Evolution

The Passing of Evolution

(About this series)

CHAPTER I THE PASSING OF EVOLUTION

BY PROFESSOR GEORGE FREDERICK WRIGHT, D. D., LL. D., OBERLIN COLLEGE, OBERLIN, OHIO

The word evolution is in itself innocent enough, and has a large range of legitimate use. The Bible, indeed, teaches a system of evolution.

The world was not made in an instant, or even in one day (whatever period day may signify) but in six days. Throughout the whole process there was an orderly progress from lower to higher forms of matter and life. In short there is an established order in all the Creator’s work. Even the Kingdom of Heaven is like a grain of mustard seed which being planted grew from the smallest beginnings to be a tree in which the fowls of heaven could take refuge. So everywhere there is “first the blade, then the ear, then the full corn in the ear.”

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"Overall, Americans show more skepticism than confidence in the scientific concept that a Big Bang created the universe 13.8 billion years ago."

"It is enormously distressing that science, which is our most powerful means for gaining insight into the world, insight into truth, is so mistrusted by so many people" (Brian Greene). CBS

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Answering Richard Dawkins, Part 2

Read Part 1.

Dawkins Argument #2

There are of course gaps in the fossil record. In the case of the Turbellaria, a large, flourishing and beautiful group of free-living flatworms, the fossil record is one big gap—there are no fossils—and not even a Young Earth Creationist thinks they were created yesterday. But although there are gaps in the fossil record, it is a very telling fact that not a single fossil has ever been found in the wrong place in the time sequence. To paraphrase JBS Haldane, not a single fossil rabbit has ever been found in the Precambrian.1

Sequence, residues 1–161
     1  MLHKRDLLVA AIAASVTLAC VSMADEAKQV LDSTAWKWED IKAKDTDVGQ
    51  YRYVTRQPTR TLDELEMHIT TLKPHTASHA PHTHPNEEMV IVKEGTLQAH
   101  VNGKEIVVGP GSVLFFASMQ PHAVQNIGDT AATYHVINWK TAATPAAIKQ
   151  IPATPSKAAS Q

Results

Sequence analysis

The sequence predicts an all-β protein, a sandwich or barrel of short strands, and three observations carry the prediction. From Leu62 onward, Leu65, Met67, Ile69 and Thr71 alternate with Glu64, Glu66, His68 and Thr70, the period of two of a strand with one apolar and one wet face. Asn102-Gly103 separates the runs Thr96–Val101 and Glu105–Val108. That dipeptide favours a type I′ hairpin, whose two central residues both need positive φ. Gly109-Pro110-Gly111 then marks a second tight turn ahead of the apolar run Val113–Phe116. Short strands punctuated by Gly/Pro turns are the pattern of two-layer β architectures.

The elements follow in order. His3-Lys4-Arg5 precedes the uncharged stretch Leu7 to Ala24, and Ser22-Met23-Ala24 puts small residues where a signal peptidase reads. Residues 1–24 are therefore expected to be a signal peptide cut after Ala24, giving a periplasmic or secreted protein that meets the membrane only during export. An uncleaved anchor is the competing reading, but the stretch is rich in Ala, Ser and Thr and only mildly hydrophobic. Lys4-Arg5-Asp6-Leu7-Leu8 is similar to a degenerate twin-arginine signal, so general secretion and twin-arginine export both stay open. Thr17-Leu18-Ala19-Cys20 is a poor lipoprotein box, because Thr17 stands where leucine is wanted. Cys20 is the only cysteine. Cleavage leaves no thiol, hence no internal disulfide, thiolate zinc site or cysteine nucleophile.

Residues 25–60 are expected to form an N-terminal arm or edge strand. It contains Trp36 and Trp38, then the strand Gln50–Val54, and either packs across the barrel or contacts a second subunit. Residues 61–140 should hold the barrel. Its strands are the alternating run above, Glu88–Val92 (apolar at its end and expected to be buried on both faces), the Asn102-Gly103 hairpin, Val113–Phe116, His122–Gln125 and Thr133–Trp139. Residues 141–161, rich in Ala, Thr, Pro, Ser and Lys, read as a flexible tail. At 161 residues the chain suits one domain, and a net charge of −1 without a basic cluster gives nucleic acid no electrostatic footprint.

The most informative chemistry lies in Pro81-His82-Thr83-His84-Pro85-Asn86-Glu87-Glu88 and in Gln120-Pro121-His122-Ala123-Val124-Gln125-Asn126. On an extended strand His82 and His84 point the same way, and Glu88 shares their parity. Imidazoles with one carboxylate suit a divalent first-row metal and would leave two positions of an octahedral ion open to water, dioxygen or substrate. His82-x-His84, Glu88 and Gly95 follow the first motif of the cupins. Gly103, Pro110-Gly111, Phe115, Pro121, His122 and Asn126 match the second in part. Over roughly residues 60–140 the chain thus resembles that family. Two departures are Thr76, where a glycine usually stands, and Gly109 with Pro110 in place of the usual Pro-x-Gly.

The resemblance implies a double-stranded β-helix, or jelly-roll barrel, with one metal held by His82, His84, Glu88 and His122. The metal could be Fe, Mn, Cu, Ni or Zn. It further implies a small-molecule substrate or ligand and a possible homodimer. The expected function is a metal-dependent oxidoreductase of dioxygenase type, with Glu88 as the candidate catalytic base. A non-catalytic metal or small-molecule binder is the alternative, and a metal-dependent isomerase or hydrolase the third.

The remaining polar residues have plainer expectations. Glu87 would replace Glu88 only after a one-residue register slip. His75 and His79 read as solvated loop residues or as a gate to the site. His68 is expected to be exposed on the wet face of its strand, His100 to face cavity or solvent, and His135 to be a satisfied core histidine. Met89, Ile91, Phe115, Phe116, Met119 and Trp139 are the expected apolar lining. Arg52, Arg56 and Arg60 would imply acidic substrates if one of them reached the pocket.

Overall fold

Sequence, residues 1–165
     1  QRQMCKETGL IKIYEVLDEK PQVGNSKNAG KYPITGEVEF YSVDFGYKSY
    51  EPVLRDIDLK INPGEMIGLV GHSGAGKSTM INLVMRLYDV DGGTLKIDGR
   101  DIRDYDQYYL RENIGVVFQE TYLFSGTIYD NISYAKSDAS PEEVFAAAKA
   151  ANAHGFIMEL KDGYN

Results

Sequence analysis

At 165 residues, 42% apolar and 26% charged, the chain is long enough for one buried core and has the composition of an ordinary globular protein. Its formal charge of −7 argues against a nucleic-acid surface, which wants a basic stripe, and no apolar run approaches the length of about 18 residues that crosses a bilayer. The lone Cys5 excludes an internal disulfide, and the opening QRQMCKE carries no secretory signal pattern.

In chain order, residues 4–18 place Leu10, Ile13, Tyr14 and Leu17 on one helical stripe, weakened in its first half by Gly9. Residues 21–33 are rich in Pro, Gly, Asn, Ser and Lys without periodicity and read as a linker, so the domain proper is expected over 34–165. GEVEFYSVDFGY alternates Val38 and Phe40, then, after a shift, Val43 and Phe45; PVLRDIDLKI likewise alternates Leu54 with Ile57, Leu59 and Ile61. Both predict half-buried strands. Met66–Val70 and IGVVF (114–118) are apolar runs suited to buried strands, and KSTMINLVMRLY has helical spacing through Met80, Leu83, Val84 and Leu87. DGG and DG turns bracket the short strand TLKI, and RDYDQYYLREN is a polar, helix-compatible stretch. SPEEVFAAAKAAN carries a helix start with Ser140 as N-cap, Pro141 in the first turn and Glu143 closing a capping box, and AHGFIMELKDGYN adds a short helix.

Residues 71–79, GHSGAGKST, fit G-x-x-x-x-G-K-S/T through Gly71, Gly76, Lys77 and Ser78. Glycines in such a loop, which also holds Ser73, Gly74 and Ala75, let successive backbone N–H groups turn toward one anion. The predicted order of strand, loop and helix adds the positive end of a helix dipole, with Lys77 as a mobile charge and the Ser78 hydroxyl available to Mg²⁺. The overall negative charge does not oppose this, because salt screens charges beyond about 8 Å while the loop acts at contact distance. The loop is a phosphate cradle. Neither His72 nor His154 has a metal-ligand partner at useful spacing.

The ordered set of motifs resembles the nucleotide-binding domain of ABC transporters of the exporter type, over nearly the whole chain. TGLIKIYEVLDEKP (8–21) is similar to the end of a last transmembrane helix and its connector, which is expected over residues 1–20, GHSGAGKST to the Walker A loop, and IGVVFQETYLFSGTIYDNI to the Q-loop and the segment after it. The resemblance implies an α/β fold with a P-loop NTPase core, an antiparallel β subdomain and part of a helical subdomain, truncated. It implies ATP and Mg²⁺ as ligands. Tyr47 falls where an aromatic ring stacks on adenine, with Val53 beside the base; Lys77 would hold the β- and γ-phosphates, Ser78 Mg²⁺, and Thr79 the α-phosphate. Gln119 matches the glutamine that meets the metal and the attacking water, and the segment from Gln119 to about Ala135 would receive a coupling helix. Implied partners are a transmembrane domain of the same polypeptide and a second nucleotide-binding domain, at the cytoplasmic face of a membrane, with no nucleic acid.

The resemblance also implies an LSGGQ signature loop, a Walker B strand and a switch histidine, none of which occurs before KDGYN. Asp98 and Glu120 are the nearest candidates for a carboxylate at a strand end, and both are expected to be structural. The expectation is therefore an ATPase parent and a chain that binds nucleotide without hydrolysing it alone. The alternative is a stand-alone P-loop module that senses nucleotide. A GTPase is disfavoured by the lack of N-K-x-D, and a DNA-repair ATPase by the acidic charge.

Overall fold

Wingnut Response #2

Dawkins’ argument is an abbreviation of an argument that appears in The Greatest Show on Earth: The Evidence for Evolution, and it is not a scientific argument at all. Rather, it is a logical one. Creationists have critiqued evolutionary theory in part because of gaps in the fossil record, concluding that if evolution were in fact happening there would be a fairly steady fossil record—a predictable trail of bread crumbs, if you will. But there isn’t such regularity. Dawkins admits this inconsistency, but he downplays its significance by emphasizing another fossil anomaly: the absence of a substantial fossil record for the (4000 varieties of) turbellarian flatworms.

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Answering Richard Dawkins, Part 1

I appreciate Dr. Richard Dawkins’ impassioned arguments against creationism, as he challenges his listeners and readers to think through their positions and to offer sound reasons for their conclusions. My focus here is not to argue against his atheism, but is to answer his arguments that creationism is not a plausible understanding of our origin history. Sadly, it appears that Dawkins won’t be debating any creationists in the near future, as he is reluctant to give “wingnuts the oxygen of publicity and the respectability of being seen on a platform with a real scientist, anywhere.”1 Nonetheless Dawkins, in the context of discussing the Ken Ham, Bill Nye debate on creationism, offers five points of candid and insightful advice to “anyone who, for one reason or another finds him/herself debating one of those idiots.” In this series I, Wingnut, consider Dawkins’ five-pronged critique of creationism.

Dawkins Argument #1

Physical scientists (such as Bill Nye) should play to their strengths in physical science and call the wingnut out on the age of fossils, and cosmological evidence on the age of the universe. Radiometric dating of rocks is solid, irrefutable science. The agreement between different isotopes with overlapping time spans is so strong, it is impossible for anyone to wriggle out of the conclusion that the world is billions of years old, not thousands. Astronomical evidence of the expanding universe agrees.

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